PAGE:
An international team of researchers has created the first complete high-resolution map of how millions of neural fibres in the human cerebral cortex — the outer layer of the brain responsible for higher level thinking — connect and communicate. Their groundbreaking work identified a single network core, or hub, that may be key to the workings of both hemispheres of the brain.
The work by the researchers from Indiana University, University of Lausanne, Switzerland, Ecole Polytechnique Fédérale de Lausanne, Switzerland, and Harvard Medical School marks a major step in understanding the most complicated and mysterious organ in the human body.
It not only provides a comprehensive map of brain connections (the brain “connectome”), but also describes a novel application of a non-invasive technique that can be used by other scientists to continue mapping the trillions of neural connections in the brain at even greater resolution, which is becoming a new field of science termed “connectomics.”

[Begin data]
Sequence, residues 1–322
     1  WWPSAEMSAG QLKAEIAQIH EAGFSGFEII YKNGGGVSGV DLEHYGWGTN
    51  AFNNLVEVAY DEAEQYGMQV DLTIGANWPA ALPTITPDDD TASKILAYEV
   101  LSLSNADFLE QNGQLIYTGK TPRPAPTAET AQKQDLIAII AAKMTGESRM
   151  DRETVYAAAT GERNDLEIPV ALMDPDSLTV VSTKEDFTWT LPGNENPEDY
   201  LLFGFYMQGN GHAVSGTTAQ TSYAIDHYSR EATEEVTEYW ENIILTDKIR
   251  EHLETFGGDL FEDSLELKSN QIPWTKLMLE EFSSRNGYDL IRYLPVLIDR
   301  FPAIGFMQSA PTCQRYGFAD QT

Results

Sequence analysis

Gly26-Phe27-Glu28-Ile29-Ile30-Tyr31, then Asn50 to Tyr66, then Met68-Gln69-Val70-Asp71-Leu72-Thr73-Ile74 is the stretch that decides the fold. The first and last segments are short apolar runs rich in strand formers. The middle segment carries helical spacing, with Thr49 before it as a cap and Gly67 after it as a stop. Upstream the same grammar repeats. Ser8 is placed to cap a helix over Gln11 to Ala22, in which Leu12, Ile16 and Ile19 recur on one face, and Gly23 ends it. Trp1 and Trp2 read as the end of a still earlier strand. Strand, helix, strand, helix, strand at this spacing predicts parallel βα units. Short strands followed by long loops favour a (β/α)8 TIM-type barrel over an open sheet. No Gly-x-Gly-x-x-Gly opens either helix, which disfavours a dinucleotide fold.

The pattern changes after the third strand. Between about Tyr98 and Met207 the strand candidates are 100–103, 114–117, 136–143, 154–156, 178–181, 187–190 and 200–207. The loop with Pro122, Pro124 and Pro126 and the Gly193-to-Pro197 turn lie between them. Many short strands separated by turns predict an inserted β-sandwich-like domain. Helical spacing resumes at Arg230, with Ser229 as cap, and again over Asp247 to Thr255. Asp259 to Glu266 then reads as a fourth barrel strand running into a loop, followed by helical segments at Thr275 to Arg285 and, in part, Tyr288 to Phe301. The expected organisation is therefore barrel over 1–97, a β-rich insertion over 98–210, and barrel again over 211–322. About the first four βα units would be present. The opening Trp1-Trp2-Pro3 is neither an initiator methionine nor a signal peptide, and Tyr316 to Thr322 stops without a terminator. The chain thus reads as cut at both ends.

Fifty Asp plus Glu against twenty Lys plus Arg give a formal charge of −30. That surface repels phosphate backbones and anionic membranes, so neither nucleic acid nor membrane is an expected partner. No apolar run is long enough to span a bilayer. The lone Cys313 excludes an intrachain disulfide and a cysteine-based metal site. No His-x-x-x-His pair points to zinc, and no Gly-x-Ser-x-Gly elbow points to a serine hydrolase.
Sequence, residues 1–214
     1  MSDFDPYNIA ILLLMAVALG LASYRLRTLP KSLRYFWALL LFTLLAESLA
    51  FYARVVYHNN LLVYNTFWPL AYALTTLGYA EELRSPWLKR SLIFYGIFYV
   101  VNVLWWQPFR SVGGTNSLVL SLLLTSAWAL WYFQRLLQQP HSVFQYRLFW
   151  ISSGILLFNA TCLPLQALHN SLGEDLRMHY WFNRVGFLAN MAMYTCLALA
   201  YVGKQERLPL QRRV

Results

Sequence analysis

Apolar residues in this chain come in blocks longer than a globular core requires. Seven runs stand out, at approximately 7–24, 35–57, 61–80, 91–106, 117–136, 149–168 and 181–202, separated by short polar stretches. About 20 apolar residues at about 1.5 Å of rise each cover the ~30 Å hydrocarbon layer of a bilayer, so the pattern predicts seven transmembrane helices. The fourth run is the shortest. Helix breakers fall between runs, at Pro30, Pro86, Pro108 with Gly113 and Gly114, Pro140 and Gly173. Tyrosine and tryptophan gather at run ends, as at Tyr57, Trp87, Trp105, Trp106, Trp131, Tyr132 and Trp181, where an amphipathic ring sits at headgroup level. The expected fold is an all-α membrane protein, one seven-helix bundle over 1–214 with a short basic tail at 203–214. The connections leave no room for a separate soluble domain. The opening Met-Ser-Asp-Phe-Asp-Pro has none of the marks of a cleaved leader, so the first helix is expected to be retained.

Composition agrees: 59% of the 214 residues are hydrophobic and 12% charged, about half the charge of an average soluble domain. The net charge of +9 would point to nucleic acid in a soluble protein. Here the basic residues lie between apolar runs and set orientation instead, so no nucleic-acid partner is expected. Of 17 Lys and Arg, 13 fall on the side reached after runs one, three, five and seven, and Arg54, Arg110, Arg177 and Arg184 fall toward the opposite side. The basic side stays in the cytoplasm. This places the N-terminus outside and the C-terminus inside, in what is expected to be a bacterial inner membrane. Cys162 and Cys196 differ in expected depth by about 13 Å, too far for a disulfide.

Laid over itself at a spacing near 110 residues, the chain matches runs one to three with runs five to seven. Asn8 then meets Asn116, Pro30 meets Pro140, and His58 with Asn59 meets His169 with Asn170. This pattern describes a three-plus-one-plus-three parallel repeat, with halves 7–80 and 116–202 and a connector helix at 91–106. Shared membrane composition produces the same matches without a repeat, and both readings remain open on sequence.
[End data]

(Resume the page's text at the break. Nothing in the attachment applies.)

“This is one of the first steps necessary for building large-scale computational models of the human brain to help us understand processes that are difficult to observe, such as disease states and recovery processes to injuries,” said Olaf Sporns, co-author of the study and neuroscientist at Indiana University.
Now that’s what I’m talking about.
This is one of the first articles for what will become an avalanche of articles and findings on how the brain works; culminating somewhere around 2019 with the equivalent of a DNA map for the brain giving us a complete picture of how the brain functions and opening the door for some impressive work on brain functions.
Incidentally around the same time we have finished mapping the brain, computer processing power should have progressed enough to mimic the brain.
Put these two incredible milestones together and the future has just begun.